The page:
The bad news behind more paddy

MSP has skewed the cropping pattern towards more water-intensive crops

Did you know that in the last 30 years, the area under food-grains in the country has shrunk? It has fallen to about 122.65 million hectares in 2015-16 from 131.16 million hectares in 1983-84.

But, interestingly, the area under rice and wheat has gone up.

In 1983-84, of the total area under food-grains, rice was sown on 31 per cent of the land (41.24 million hectares); this stands at about 35 per cent (43.39 million hectares) now. The area under wheat is up from 18.8 per cent (24.67 million hectares) to 25 per cent (30.23 million hectares).

India’s cropping pattern has undergone an enormous shift.

Coarse cereals, once sown on 40 per cent of the land under food-grains, are now cultivated only on 20 per cent of the area. Farmers have shifted to crops where returns are better.

In case of rice and wheat (as also sugar cane), the government procurement at MSP is effective in many states.

The sharp increase in the support price for these two crops over years, is also a reason why many farmers shifted. While in the 1990s, the increase in MSP in rice and wheat was just about ₹20-40/quintal a year, over the last decade, it has increased to about ₹50-150/quintal.

Farmers have found interest in cash crops such as sugar-cane and cotton too in the last few decades, because of increased demand and prices. Sample this: Between 1983-84 and 2015-16, the total area under sugar-cane increased from 3.11 million hectares to 4.95 million hectares, and that under cotton, from 7.72 million hectares to 11.87 million hectares. Oilseeds too have seen their share go up.

What’s wrong?

The cropping pattern is skewed towards water-intensive crops such as rice, wheat, sugar-cane and cotton now. Increased dependence on irrigated farming can deplete water resources, and lead to soil degradation and deterioration in water quality, as indicated recently by the Centre’s think-tank, NITI Aayog.

The WWF (World Wide Fund for Nature, an international non-governmental organisation), in a report titled, ‘Living waters - Conserving the source of Life’, indicates that to produce a kilogram of rice, 3,000-5,000 litres of water is required and for wheat, about 900 litres. For 1 kg of sugar, it is 1,500-3,000 litres and for cotton, 7,000-29,000 litres.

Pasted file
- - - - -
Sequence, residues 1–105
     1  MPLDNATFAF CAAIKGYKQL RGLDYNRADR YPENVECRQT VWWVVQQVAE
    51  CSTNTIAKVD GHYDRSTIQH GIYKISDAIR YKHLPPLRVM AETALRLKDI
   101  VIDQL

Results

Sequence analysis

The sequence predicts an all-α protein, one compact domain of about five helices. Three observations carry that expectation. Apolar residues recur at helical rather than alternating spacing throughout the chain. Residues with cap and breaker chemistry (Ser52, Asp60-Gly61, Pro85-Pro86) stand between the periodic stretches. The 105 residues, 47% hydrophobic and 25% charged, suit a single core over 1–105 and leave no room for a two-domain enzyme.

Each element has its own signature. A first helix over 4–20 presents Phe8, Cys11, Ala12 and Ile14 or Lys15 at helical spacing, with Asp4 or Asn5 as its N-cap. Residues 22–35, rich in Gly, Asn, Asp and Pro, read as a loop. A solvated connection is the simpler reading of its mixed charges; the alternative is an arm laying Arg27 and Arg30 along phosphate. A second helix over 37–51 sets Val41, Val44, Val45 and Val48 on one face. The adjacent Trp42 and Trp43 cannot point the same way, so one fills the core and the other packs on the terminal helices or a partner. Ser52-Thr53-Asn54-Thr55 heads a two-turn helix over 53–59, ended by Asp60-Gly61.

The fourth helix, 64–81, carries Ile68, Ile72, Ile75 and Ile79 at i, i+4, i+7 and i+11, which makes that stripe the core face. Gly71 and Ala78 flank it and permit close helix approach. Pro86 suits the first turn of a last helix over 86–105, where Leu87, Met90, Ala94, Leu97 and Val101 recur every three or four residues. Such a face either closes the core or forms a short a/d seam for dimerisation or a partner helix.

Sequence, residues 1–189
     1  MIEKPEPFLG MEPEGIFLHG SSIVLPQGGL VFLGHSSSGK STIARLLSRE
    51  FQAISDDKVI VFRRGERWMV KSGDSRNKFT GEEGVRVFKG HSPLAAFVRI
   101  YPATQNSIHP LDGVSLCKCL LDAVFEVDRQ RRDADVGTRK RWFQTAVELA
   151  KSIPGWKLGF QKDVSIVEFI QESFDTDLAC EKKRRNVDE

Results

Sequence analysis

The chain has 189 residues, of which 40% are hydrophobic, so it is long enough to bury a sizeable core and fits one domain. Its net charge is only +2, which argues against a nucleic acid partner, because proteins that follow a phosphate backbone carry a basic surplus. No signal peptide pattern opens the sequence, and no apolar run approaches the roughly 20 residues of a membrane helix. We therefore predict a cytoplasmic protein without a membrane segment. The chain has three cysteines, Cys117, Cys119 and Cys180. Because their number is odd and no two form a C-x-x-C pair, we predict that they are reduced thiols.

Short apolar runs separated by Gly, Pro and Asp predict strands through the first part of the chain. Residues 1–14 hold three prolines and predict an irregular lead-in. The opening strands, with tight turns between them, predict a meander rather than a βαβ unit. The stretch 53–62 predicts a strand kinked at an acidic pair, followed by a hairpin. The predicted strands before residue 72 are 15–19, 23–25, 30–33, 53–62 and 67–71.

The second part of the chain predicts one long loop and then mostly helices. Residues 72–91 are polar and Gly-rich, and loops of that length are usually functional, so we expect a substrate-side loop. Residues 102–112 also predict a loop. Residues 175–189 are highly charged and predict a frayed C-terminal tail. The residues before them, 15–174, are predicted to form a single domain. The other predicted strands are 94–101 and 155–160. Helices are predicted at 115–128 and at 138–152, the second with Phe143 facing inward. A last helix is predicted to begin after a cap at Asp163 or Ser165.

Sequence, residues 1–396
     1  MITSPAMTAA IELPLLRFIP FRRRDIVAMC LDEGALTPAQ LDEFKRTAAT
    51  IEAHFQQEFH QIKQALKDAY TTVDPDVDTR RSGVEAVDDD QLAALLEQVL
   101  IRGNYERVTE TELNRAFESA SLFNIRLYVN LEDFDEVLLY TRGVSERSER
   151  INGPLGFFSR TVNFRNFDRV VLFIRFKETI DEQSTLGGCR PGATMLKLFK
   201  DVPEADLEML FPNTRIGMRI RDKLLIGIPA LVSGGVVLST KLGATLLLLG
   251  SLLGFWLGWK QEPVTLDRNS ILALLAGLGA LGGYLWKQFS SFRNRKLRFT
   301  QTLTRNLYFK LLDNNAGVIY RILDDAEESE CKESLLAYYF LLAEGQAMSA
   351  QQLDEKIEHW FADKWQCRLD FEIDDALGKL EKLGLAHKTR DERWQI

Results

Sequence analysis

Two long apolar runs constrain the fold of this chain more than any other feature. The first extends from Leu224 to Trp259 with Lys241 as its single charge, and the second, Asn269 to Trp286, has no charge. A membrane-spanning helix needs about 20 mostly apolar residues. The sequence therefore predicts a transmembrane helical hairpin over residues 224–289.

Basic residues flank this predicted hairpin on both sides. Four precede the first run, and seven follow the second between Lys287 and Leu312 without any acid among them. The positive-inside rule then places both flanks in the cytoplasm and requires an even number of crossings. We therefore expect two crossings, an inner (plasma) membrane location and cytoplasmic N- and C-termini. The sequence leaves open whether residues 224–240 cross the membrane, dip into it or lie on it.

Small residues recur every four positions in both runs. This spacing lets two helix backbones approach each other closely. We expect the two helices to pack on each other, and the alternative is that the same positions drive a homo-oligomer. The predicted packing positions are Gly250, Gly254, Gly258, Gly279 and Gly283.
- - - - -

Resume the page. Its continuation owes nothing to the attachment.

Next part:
But, many arid areas of the country, be it north Karnataka or central Maharashtra, take up sugar-cane and cotton cultivation, putting immense stress on the soil and water resources, say environmentalists. Excessive monoculture has led to increase in pest and disease attack on crops which, in turn, has resulted in increased use of pesticides, they add.

“In Telangana, for the type of its soil and the amount of water available, only 17 lakh acres are suitable for cotton cultivation, but, today 45 lakh acres in the State is under cotton,” says G.V. Ramanjaneyulu, executive director of the Centre for Sustainable Agriculture. In Maharashtra, while around 100 lakh acres of land is under cotton, only 45-50 lakh acres is actually suitable for cotton crop, he adds.

The dependence on canals, borewells or other sources of irrigation for sugarcane and cotton has increased manifold in recent years. In 1950-51, while only 67 per cent of area under sugar was dependent on irrigation, today almost 95 per cent is irrigated. In cotton too, a third of the area is under irrigation (up from 8 per cent in 1950-51).

So, why do farmers go for sugarcane or cotton?

In sugarcane, there is assured procurement by sugar mills at the government-fixed FRP. The investment is high but so is the return, a farmer activist told BusinessLine.

In cotton, too, it is the returns that motivate farmers.

G.V. Ramanjaneyulu, recollected what a farmer from Telangana once told him - “If cotton succeeds even once in three years, l will still recover my investment, but in millets, even if it’s a good crop for four years, I will not recover my investment”.

Price deficiency payment

NITI Aayog recently released a three-year action plan. One section of the paper focusses on measures to ensure doubling of farmers’ income. It highlights the need to bring reforms in MSP indicating that it has distorted the cropping pattern. Its limited reach both in terms of commodities procured and the geographical area over which it extends, has also been criticised.

NITI Aayog suggests the system of ‘Price Deficiency Payment’. While at one end, the MSP will continue for need-based procurement, for other crops, a subsidy will be given which will make good (say, to a maximum of 10 per cent) the loss faced by the farmer in case of price falling below a threshold price (which will be linked to MSP), says the think tank.

The advantage will be that, one, it will not require procurement by the government, thereby preventing the accumulation of unwanted stocks, and two, the incentive can spread to more crops, explains NITI Aayog.

Farmers need to be incentivised to grow millets and pulses, no doubt. But it has to be a comprehensive approach of reducing the cost of cultivation as well as ensuring better returns.

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